Like many people dread going to the doctor, the vet can be a source of anxiety for our pets. Luckily, there are steps you can take to alleviate some of the anxiety your pet feels when it senses a vet visit is coming up.
Preparing for your visit
If possible, hold off on your pet's regular feeding before you go. This will reduce the risk of accidents, as anxiety and stress can make your pet empty their bladder and bowels more frequently. Our team can give them tasty treats as rewards and distract them while they are with us. A pet receiving treats at our practice will form a positive association with the vet and the facility. They will think of it as a place where they are loved and fed!
One of the things you can do to increase the positive association with a visit to the vet is to visit us on a day when no medical examination or procedure is needed. The goal is to make your pet think that it is just a visit, with treats and love from friendly people. The more visits your pet has with treats and love, the less they will be stressed and full of anxiety for their medical visits.
If you have a cat, you can desensitise your cat to a carrier by having it out all the time at home. You can make it a nice place to lie down with the door open. This can help reduce stress for car rides and help desensitisation to new environments such as visiting the vet.
Practice holding and handling your pet and examining them from head to tail. This will help your pet feel less stressed when the vet or nurse examines them. You are, in essence, acquainting your pet to the different elements involved in a vet visit.
There are plug-in pheromone diffusers available for dogs and cats to reduce stress and tension further. In addition, it is helpful to spray the bedding in a pet carrier with an appropriate pheromone. Please ask us about this as we can recommend a pheromone that is appropriate for your pet and can also supply you with some. They help tremendously and allow your pet to have a worry-free visit.
If you would like more information on pheromone diffusers that we recommend, please don't hesitate to contact us.
When you arrive
The waiting area can be stressful if your pet is not used to being in the company of other pets. Many new pets haven't had a chance to interact with other pets over the last year due to restrictions imposed for COVID-19; if this is the case for your pet, you can contact us in advance to book a slot when our reception area is less busy. If you would rather wait in your car or outside, please let us know, and we can accommodate this.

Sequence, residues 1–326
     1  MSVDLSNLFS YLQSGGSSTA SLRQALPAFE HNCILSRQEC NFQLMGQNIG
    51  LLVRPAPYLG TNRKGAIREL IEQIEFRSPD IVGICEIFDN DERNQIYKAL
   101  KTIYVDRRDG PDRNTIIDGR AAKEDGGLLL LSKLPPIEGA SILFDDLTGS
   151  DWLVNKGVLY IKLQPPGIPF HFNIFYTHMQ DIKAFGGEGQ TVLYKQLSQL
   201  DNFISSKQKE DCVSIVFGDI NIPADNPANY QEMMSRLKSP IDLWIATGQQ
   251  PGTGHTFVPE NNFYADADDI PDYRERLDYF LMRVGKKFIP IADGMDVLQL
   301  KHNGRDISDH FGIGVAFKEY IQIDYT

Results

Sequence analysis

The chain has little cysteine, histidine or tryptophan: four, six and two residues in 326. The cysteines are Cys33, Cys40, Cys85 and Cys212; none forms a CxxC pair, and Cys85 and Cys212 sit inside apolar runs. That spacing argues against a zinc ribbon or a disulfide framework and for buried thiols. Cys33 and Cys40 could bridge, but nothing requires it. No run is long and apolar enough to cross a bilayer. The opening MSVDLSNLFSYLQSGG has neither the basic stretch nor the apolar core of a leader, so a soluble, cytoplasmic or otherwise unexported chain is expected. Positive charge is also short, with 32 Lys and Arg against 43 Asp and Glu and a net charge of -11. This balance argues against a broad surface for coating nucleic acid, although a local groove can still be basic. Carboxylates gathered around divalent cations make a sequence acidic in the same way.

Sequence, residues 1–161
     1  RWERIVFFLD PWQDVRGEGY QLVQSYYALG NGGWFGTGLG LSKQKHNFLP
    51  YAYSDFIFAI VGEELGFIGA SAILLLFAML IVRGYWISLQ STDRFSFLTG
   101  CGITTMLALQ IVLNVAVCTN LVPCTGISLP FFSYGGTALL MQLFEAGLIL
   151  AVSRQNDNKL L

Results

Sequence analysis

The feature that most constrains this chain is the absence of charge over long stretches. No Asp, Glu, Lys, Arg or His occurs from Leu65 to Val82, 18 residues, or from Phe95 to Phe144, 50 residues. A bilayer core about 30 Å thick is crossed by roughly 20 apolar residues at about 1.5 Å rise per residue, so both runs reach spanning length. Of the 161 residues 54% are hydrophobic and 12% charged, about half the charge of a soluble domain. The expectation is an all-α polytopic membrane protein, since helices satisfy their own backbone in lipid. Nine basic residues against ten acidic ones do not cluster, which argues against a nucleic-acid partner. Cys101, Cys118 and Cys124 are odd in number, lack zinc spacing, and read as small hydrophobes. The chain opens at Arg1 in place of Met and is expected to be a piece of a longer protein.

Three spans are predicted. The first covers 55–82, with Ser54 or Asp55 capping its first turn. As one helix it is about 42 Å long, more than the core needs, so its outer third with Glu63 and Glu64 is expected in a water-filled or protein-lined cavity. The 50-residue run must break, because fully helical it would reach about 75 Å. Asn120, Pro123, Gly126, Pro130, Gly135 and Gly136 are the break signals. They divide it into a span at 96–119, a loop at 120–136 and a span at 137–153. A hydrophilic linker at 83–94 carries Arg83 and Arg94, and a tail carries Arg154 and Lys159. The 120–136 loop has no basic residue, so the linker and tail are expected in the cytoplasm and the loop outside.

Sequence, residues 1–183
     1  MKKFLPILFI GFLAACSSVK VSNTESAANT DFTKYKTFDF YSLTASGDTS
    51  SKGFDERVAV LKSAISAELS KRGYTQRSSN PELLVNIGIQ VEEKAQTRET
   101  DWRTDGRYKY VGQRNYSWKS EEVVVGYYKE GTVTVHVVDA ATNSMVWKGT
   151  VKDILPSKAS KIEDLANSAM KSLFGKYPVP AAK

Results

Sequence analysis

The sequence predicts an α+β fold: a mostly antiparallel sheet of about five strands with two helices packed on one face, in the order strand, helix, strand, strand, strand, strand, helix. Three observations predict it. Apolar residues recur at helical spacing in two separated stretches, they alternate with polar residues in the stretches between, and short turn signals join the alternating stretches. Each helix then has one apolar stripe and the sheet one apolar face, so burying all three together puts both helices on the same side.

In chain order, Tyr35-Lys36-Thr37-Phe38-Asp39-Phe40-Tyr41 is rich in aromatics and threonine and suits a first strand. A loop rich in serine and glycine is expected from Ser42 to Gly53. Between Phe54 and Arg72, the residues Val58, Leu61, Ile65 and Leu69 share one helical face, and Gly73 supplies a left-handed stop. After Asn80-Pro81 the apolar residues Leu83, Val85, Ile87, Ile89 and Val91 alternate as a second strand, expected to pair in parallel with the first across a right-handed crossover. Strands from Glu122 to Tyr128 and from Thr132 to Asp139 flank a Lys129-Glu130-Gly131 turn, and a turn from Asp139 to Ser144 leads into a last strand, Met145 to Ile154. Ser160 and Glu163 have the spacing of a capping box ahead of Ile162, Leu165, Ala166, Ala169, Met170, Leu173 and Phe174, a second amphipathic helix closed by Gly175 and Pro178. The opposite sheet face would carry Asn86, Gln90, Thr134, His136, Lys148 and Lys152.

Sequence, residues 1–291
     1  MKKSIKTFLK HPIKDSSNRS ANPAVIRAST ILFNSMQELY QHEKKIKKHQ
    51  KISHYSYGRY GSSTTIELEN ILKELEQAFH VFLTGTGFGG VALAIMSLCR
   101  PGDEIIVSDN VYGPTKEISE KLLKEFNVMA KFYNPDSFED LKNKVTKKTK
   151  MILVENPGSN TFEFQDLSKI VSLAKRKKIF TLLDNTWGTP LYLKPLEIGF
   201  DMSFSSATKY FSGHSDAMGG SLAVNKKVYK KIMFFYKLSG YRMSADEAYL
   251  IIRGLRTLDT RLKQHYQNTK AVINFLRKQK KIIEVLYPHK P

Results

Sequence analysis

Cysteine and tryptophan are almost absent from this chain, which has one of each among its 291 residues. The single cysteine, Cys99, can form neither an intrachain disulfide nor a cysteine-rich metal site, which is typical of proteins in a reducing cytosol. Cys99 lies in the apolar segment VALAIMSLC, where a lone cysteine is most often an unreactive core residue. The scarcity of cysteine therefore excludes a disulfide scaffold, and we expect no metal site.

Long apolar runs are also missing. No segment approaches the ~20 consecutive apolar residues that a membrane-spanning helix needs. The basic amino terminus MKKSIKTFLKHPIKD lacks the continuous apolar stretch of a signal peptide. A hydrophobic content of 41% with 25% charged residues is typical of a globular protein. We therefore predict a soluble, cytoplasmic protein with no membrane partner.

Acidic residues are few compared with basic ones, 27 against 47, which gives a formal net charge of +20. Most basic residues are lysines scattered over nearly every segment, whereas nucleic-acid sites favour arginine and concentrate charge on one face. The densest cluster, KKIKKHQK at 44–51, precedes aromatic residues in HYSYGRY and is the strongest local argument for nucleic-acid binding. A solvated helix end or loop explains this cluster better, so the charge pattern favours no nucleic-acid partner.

Sudden loud noises can be upsetting for pets, so we work hard to keep noise to a minimum in our reception area. We encourage our teams to keep the reception area free of clutter and anything that would be distressing to your pet.
Interacting with your vet or nurse
Your vet or nurse will speak in a calm voice to create a relaxed environment for your pet. A lot of the time, our pets can feed off the anxieties of others.
We will examine your pet on the consulting room table or on the floor. Our team will determine which position is the safest and least stressful for your pet.
Having your pets' temperature taken or getting their weight checked are standard procedures and deserve praise and a special treat. Keeping your pet distracted while they are having a potentially stressful procedure may help divert their attention.
Keep up the good work
After your pet has become well-accustomed and trained for trips to the vet, it is a good idea to continue trips to your vet. If your pet has been doing great at the vet and then suddenly, after a stressful visit, does an emotional backslide, don't worry! Just go over these tips and re-acquaint your pet with the different elements involved in vet visits. This will help your pet recover and learn to relax again and have worry-free visits.